Due to the COVID-19 public health emergency, the Families First Coronavirus Response Act was passed in March 2020. This bill required states to halt their standard eligibility checks on current and new Medicaid and CHIP users, which could often result in denials of coverage based on income levels, missing paperwork, and other factors. For taking on this high additional cost, the federal government provided a temporary 6.2 percent increase to the states in the federal portion of Medicaid and CHIP funding.
With the pandemic winding down, the federal government prepares to shut off the flow of this additional funding. States will once again be able to perform eligibility checks on their current and new Medicaid and CHIP users, which could result in a loss of health insurance for as many as 15 million children and adults across the country.
Enrollment in CHIP and Medicaid increased 11.4 percent since the pandemic began in February 2020, skyrocketing the number of users to a record 83.6 million in July 2021. Now, one in four Americans and half of all American children are covered by Medicaid or CHIP, a plan generally reserved for only the lowest income people.
Concerns about the upcoming shift are already resulting in long phone wait times in many states, such as Texas, which despite growing by 1 million Medicaid enrollees, has faced budget and staff cuts for their program. Due to these types of issues, the Centers for Medicare and Medicaid Services (CMS) has extended the period for eligibility and enrollment checks to take place up to 14 months.
Many children who lose Medicaid coverage may now be eligible for CHIP, which has higher income thresholds. However, parents will now need to complete the proper paperwork and eligibility checks to enroll their kids, which is often a complex task requiring assistance from already busy CHIP staffers.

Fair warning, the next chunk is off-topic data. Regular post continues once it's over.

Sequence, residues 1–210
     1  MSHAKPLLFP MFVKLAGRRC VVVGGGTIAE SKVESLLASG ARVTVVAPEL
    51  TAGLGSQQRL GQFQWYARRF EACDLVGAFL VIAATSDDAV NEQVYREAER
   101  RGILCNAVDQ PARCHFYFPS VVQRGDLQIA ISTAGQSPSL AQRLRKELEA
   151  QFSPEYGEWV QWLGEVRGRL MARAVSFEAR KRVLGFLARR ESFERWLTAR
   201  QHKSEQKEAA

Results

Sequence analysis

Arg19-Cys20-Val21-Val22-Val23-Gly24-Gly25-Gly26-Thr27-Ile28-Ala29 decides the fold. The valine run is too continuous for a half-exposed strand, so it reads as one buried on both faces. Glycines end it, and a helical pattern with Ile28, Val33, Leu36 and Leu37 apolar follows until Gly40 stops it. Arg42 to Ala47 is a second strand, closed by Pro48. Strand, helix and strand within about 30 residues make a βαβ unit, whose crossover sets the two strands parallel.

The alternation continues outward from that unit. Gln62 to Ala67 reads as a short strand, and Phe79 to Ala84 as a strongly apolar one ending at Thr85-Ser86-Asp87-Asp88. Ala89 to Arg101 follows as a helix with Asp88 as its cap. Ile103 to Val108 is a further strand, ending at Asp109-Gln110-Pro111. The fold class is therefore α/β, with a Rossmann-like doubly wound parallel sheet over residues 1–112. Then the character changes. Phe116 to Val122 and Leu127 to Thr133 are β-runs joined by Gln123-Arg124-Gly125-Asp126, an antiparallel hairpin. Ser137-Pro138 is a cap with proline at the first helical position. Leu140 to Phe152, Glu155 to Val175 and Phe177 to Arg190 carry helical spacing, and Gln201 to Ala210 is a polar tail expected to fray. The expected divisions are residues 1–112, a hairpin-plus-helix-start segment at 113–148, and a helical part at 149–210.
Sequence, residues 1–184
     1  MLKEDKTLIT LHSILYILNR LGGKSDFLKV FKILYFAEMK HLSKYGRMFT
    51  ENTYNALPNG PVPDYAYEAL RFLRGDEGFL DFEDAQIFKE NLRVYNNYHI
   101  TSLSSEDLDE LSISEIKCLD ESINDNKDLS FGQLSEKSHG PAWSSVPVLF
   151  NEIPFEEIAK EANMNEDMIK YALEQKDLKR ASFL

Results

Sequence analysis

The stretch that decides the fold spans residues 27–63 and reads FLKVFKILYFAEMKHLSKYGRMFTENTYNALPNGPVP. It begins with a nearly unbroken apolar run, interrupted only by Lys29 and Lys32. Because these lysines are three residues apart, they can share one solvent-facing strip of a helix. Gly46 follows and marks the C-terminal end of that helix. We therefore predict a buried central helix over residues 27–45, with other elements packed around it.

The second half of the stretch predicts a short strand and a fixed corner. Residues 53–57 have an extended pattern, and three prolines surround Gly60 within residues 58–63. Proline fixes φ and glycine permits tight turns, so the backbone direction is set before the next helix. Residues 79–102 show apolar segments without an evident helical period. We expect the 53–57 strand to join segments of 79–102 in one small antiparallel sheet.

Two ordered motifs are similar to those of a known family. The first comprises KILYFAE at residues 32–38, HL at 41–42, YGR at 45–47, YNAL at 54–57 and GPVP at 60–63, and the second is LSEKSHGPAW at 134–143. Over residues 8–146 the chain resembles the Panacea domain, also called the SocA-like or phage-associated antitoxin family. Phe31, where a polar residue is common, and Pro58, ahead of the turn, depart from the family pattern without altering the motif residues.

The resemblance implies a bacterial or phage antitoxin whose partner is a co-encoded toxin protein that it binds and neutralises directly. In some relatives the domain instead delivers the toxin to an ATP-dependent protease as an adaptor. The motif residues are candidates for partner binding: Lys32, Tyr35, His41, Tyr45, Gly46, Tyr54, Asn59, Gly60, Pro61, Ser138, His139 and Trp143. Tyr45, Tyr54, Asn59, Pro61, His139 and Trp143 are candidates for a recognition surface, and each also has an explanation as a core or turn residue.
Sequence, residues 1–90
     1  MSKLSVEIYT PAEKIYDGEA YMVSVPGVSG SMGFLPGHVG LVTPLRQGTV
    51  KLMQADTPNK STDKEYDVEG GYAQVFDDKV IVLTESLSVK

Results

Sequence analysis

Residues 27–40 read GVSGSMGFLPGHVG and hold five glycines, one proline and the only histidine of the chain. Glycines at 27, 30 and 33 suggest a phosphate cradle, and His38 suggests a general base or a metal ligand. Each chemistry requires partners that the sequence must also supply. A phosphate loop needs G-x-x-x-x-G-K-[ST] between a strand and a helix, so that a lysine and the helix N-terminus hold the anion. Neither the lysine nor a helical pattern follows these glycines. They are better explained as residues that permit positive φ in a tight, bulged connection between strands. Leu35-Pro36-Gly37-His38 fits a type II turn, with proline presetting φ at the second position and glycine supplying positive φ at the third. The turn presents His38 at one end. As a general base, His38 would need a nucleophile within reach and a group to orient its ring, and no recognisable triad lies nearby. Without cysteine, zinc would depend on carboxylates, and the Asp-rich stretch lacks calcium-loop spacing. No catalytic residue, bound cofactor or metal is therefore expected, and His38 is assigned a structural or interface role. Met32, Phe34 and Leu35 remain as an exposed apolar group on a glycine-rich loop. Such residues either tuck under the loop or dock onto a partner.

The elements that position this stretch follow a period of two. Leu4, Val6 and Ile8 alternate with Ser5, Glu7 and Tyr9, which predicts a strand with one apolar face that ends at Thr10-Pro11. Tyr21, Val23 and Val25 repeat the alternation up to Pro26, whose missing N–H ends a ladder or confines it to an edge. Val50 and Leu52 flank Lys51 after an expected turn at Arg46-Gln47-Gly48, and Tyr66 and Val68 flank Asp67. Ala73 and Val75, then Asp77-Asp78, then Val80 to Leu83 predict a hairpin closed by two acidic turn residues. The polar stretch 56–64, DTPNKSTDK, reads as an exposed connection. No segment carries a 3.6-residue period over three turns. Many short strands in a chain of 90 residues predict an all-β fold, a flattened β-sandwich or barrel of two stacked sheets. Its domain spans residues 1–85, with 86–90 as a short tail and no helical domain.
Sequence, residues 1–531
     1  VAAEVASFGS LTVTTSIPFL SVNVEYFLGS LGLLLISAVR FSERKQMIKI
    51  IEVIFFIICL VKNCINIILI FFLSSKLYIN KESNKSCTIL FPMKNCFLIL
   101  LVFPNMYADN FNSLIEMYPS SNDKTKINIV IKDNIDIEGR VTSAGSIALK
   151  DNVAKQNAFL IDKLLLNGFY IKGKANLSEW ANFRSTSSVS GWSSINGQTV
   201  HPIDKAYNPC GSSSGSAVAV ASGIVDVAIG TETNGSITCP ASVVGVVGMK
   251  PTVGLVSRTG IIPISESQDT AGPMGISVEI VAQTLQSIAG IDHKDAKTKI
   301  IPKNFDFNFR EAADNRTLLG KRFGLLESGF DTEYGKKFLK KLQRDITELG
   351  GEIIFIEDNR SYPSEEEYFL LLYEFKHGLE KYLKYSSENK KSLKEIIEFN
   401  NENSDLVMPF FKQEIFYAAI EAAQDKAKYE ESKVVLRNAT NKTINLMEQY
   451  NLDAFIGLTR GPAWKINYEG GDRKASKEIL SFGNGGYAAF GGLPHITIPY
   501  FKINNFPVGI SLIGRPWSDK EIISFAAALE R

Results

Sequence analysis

Families who lose Medicaid or CHIP coverage likely qualify for subsidized health insurance premiums through an Affordable Care Act (Obamacare) marketplace, such as TrueCoverage, which offers more than 50,000 health insurance plan options across the U.S. 70 percent of TrueCoverage applicants may qualify for FREE quality health insurance! And the remainder typically qualify for BIG monthly premium discounts!
Loss of insurance coverage from Medicaid or CHIP is known as a qualifying event, opening the Special Enrollment Period, allowing enrollment in an ACA health insurance plan outside of the typical annual Open Enrollment period.
Special Enrollment Period (SEP) qualifiers include:
- Loss of Coverage
- Losing eligibility for Medicare, Medicaid, or CHIP
- Loss of job
- ACA coverage is often more affordable than COBRA!
- Loss of health insurance coverage through school
- Becoming age 26 and losing parental coverage
- Health insurance enrollment or plan error
- Change in Household
- Marriage or divorce
- Birth or adoption of a new baby
- Death in the family
- Separating from a domestic abuse partner
- Becoming a U.S. Citizen
- Housing Changes
- Moving to a different ZIP code or county
- A student moving to or from where they attend school
- A seasonal worker moving to or from where they work
- Moving to or from a shelter or transitional housing
- Being a victim of a natural disaster
- Being released from incarceration (jail or prison)
- AmeriCorps members starting or ending their service
- Low-Income Families – Annual Income Threshold
- Single Household – $19320 annually
- Household of Two – $26130 annually
- Household of Three – $32940 annually
- Household of Four – $39750 annually
- Household of Five – $46560 annually
Visit TrueCoverage.com to see what you may qualify for or call 1-888-611-3705 to speak to a TrueCoverage agent to discuss your options.